Today, the Commission has launched a new version of the online register of charities. This is an important milestone for us, and for charities: the register is a precious national asset, and the Commission has a responsibility to maintain and curate it in the public interest.
Recent months have shown us how strong the volunteering spirit of the British public is, and how deep generous support for charities runs in our society. The register has an important role to play in informing and inspiring that generosity. And my principal ambition for the new register is that it is used, and used increasingly widely, in helping people make informed choices about the charities they want to support. Decisions around charity are deeply personal. They are influenced by who we are, and where we come from, by the experiences we’ve had and those we’ve witnessed among our friends and families.
As people make those choices it is crucial that they know where to go to check whether an organisation that approaches them for support is a registered charity, with all the added protections that brings.
And beyond that, we know that almost all of us, regardless of our personal sympathies and areas of interest, share basic expectations of charities: we want charities to be open and transparent about the way they work, and how they spend their money.
That’s why our improved online register makes more information about individual charities available at the click of a button.
Each charity’s register entry will now display more clearly whether the charity has been subject to regulatory action or is of ongoing concern. And following changes to the annual return, after an in-depth consultation, charities’ entries will now show how many staff members receive pay packages of £60k and above. It also notes where trustees are remunerated for their work, and lists the policies a charity has in place, from safeguarding to conflicts of interest and investments.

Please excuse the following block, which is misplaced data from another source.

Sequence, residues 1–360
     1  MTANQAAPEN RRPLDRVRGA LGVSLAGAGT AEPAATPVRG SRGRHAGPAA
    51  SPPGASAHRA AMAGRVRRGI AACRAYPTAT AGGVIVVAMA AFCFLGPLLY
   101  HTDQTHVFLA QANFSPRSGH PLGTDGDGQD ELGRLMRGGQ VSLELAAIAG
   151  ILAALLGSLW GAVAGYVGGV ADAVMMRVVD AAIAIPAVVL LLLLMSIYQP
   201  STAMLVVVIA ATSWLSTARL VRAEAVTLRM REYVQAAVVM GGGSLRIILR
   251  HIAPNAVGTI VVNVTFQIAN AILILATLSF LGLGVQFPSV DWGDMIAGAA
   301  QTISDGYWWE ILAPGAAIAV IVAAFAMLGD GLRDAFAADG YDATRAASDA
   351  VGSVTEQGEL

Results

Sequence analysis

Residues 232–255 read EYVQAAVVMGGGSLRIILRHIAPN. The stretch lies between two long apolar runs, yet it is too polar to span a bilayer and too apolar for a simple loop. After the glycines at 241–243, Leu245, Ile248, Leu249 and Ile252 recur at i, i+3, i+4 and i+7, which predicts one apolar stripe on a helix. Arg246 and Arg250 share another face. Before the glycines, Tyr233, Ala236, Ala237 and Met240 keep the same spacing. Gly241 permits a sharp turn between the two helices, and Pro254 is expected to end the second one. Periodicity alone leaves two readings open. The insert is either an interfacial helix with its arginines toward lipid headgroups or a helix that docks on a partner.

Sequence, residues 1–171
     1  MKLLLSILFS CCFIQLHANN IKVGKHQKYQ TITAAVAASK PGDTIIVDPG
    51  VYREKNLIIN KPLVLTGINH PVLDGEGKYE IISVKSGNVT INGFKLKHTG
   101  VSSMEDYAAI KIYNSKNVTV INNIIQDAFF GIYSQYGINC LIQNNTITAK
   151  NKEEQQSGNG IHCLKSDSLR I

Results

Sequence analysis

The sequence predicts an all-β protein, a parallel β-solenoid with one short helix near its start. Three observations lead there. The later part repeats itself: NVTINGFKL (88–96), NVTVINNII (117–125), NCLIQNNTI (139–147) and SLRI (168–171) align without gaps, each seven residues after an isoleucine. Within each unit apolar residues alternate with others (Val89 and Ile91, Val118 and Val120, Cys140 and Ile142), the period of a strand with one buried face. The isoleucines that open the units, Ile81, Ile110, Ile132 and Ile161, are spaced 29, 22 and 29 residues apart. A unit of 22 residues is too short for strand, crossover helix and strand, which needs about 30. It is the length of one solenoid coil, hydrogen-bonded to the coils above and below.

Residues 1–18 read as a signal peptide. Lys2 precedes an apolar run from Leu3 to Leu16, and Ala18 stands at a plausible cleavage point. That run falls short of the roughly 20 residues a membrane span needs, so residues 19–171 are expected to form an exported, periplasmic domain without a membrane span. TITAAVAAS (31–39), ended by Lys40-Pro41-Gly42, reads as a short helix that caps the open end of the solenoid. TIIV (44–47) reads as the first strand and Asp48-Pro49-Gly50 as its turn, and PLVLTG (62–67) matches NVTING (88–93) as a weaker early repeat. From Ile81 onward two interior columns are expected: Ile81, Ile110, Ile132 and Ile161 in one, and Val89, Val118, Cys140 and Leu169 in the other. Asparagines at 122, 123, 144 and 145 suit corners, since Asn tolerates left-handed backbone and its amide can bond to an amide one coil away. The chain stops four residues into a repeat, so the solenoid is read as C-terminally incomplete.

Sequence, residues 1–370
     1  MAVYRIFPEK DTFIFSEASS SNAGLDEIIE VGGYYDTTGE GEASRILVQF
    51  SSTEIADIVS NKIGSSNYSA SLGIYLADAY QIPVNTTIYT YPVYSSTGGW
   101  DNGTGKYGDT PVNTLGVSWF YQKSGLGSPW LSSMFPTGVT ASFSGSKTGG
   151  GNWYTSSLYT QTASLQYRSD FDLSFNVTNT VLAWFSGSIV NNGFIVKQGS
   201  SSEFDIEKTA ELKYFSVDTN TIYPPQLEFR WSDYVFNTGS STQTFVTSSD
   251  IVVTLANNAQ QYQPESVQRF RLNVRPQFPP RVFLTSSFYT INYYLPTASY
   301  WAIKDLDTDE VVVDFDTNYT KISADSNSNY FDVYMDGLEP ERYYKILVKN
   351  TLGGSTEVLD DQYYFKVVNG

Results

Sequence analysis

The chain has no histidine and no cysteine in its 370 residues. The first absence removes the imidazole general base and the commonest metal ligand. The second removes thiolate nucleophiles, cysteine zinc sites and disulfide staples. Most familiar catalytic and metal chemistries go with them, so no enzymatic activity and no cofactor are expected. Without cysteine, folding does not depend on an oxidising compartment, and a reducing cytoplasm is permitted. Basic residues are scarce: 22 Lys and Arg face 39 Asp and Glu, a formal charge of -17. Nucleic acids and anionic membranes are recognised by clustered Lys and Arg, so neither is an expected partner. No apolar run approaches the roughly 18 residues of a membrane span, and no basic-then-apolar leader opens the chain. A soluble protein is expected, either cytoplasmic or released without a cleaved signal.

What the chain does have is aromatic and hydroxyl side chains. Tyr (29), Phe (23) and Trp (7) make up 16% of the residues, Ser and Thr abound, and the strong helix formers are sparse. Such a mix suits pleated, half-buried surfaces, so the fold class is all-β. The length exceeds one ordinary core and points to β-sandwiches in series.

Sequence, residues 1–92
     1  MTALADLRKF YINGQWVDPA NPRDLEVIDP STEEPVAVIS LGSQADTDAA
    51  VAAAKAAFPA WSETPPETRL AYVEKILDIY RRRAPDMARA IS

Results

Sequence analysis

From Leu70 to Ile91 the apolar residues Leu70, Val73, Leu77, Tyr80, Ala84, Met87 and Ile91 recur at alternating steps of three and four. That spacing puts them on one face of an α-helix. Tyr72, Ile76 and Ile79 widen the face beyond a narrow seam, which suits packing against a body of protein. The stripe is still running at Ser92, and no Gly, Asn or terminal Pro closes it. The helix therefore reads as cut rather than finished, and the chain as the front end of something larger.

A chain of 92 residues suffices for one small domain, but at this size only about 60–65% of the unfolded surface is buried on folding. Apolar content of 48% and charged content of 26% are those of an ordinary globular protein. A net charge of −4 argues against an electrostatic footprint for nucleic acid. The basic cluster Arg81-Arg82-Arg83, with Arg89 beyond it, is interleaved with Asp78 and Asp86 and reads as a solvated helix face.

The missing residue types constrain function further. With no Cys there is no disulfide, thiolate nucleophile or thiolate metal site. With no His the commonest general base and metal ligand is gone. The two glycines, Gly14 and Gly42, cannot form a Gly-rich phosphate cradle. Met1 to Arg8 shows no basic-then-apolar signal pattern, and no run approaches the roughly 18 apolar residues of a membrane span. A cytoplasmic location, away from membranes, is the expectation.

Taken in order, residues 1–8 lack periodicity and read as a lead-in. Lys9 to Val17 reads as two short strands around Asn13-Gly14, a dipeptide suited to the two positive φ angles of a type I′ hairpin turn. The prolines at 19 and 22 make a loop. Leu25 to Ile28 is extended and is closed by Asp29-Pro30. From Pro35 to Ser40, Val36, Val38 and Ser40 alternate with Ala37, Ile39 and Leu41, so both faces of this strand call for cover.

The changes we have made are not just about the content of the register, but also about its look and feel. I want to ensure that people have a good experience when they are prompted to look up the details of an individual charity, or search for charities in their area. I want them to be able to find the information they came for easily and swiftly. That’s why we’ve made the display more intuitive, and have placed the information people most often search for within ‘easy’ reach, either embedded in a charity’s landing page, or via a one-click menu of further options. We’ve also improved the search functions, so that they allow for people to isolate more precisely the specific information they are seeking.
And the new register display is also designed with the needs of charities in mind. Improved functionality makes it easier for trustees to access and update their own charity’s information with the Commission, in line with our commitment to improving the service we provide to charities. Those considering setting up a new charity, can also use the register to ensure that they are not duplicating the efforts of others.
The new data download and search functionality also enable researchers, reporters, commentators and elected representatives to scrutinise and analyse the register to find information that helps them in their work: whether that’s to spot trends the sector as whole, gather information about charities in a certain geographical area, or isolate charities by the work they do. I would also like to see our data being used by others to help focus or target the valuable work of the charity sector where there is greatest need in society – including in terms of place.
The new register is not the end of a journey; while the new features are informed by user testing, survey feedback and consultation, there is always room for further improvement. I encourage the public, charities, and those with an interest in the sector, to use our new register, experiment with the new functionality, and let us know what is working, and what could be improved.
That will help us ensure that we continue to improve and finesse this important window onto charities, and the role they play in our society. We already have plans for further improvements, including to the APIs (Application Programme Interfaces) that allow web and app developers to take our transparency data and present it in new and useful ways.
As we look ahead during these uncertain times, the vital, two-way relationship between charities and the public will come into sharper focus. Charities will rely on continued public generosity and support to carry out their work, just as society generally, and many of us individually, may rely on the on the good work of charities. To function, that relationship must be built on trust, accountability, and transparency. Our improved online register is designed to strengthen all three.